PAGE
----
First up, our athletes across the board, compete successfully at the highest international level which provides inspirational diversions at a time when we most need them. It is no surprise then, that our greatest sports men and women receive the highest honours when it comes time to reward those who have made our mundane lives that much more enjoyable. We can all share in their achievements, no matter what our position on the social ladder or status in the community. For an hour or so, we are as one.
Fortunately, unlike some other countries where “woke” philosophy is destroying the non political aspect of world sport, we seem to be able to keep a lid on the politics. But unfortunately, we may not be able to withstand the pressure for too much longer as the international governing sporting bodies rush to adopt laws that are the antithesis of competitions based on equality.
We recently got a taste of what is to come when our own trans athlete Laurel Hubbard was allowed to compete at the Olympics in a class for which she was biologically unsuited. It was a regrettable experience for all involved, not least for those of us who squirmed with embarrassment as one of our own was attempting to take unfair advantage and win on an un-level playing field. Thankfully, but not surprisingly, she lost.
The Aussie elections saw the debate about trans athletes also reach ridiculous heights when it negatively influenced the result in at least one electorate and possibly even the outcome of the election itself.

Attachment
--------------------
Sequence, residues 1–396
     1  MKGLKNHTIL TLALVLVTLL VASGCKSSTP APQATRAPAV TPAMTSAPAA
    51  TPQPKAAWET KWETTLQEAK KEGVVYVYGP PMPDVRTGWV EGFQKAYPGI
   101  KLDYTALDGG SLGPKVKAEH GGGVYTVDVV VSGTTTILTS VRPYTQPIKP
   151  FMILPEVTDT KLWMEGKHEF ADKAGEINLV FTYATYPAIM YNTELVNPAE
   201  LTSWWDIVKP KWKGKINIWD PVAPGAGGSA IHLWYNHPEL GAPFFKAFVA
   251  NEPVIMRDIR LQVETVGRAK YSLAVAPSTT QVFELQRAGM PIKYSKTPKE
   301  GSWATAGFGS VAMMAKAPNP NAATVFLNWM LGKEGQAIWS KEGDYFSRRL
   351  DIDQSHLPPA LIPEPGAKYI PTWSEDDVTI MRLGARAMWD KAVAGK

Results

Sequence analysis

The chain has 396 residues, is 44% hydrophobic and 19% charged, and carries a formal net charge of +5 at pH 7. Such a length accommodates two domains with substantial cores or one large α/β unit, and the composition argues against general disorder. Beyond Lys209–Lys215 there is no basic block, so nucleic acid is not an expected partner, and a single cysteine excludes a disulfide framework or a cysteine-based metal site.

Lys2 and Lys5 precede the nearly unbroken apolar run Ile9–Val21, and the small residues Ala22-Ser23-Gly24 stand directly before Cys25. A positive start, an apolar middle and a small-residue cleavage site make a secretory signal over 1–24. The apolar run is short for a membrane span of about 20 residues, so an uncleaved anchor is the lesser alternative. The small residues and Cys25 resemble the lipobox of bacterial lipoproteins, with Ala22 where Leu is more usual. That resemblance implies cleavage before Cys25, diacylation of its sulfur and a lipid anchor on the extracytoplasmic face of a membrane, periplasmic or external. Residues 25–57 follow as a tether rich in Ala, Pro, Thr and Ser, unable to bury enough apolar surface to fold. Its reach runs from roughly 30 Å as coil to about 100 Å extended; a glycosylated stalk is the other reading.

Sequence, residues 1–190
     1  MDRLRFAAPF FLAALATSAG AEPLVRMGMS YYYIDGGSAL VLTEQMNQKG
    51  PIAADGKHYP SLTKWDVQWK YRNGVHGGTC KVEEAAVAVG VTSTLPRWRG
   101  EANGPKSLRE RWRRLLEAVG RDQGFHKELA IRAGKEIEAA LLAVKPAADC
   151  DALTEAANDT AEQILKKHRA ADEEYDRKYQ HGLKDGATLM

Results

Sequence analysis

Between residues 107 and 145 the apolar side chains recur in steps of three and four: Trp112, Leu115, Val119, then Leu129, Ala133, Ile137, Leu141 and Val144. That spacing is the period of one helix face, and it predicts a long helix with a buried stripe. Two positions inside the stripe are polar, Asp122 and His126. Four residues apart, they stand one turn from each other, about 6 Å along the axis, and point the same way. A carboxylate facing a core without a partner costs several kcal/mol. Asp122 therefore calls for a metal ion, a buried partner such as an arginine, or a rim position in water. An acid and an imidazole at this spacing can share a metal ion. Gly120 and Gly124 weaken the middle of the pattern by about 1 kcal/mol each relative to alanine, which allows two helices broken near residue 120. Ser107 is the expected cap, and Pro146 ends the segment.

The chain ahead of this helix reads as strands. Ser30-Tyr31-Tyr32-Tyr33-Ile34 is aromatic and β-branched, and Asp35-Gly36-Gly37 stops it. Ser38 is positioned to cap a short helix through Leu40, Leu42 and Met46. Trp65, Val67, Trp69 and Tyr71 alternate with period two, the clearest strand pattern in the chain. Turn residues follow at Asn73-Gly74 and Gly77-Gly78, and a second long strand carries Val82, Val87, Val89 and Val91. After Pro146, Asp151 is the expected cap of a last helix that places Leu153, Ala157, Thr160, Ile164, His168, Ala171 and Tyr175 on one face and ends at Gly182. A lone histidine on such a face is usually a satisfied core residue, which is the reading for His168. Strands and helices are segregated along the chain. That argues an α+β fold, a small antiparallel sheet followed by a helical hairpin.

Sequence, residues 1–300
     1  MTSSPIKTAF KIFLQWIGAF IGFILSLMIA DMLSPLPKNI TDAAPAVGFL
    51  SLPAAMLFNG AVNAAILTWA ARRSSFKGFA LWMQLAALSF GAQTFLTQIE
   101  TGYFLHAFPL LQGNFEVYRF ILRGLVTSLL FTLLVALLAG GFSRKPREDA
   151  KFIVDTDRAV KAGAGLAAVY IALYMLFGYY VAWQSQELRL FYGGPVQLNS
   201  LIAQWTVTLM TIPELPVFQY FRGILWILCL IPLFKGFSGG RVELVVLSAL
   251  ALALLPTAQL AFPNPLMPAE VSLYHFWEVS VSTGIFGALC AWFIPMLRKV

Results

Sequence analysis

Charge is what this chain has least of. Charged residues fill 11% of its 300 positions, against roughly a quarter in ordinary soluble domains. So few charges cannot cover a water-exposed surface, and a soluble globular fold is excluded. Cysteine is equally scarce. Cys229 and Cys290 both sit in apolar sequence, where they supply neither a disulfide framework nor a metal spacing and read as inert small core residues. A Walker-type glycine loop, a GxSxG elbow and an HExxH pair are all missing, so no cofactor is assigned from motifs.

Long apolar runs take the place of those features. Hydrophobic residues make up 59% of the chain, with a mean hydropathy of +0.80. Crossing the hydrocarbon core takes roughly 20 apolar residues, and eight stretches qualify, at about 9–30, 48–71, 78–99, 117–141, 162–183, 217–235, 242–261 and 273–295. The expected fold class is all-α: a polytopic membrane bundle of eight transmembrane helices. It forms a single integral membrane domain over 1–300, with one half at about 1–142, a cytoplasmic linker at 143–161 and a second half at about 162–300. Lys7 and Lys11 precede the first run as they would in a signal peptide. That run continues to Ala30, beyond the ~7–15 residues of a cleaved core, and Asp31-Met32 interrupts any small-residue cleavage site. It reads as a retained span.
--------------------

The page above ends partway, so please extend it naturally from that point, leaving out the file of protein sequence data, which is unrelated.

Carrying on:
This brings me back to the Christchurch Stadium and the problems they are having with dopey thinking of a different kind.
It is all happening because politics is being allowed to dictate the outcome of what should have been a “no brainer” decision about costs.
Here’s how l see it.
Having made the political decision to spend ratepayers money on a new stadium which, in principal was well received, the council should have then focussed solely on getting best value in the finished product for the bucks spent and future generations who will enjoy the facility.
Maybe, l’m being too simplistic here but it seems to me that, in achieving that goal, the highest priority should be given to :
a) optimum seating capacity
The only way that this expenditure will be justified will be if it serves the purpose of providing a facility with the capacity for hosting large events.
And it should be remembered that rugby and cricket are not the only ones that will fill the stadium - music concerts that cater for 50 or 60,000 are more likely to make it pay its way.
It is clear that in order to provide that facility, a stadium with a 30,000 seating capacity will be too small for any number of modern rock concerts.
Music lovers have been turning out in stratospheric numbers (70,000 plus) for years in this country to hear their favourite bands and artists.
b) fit for purpose construction
Why is it that the one thing that appears to be causing the cost overruns and limiting the seating capacity of the Christchurch new build is the need for an all weather facility.
I’m not a stadium architect but my guess would be that we could easily increase the seating capacity of this “must have” by at least another 10,000 seats if we spent money saved from redesigning it with a semi covered roof like both Eden Park and the Wellington Cake Tin .
How many times have major events been delayed, postponed or cancelled because of inclement weather. I can’t remember one.
It is no surprise then that virtually all of the major stadiums throughout the world are only partially covered and there seems to be no enthusiasm for changing that ingredient when building new facilities - bums on seats are the only reason why they can continue to operate at no cost to the taxpayer.
Christchurch should reconsider this logic before the first turf is dug.
They won’t regret it.
Clive Bibby is a commentator, consultant, farmer and community leader, who lives in Tolaga Bay.